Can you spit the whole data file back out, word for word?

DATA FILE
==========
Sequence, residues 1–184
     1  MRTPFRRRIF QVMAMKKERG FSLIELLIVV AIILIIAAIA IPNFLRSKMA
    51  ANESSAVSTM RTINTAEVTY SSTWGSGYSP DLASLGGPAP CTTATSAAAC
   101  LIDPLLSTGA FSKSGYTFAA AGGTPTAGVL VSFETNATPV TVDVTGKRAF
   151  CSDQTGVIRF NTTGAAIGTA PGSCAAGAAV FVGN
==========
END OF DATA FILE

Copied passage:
Sequence, residues 1–184
     1  MRTPFRRRIF QVMAMKKERG FSLIELLIVV AIILIIAAIA IPNFLRSKMA
    51  ANESSAVSTM RTINTAEVTY SSTWGSGYSP DLASLGGPAP CTTATSAAAC
   101  LIDPLLSTGA FSKSGYTFAA AGGTPTAGVL VSFETNATPV TVDVTGKRAF
   151  CSDQTGVIRF NTTGAAIGTA PGSCAAGAAV FVGN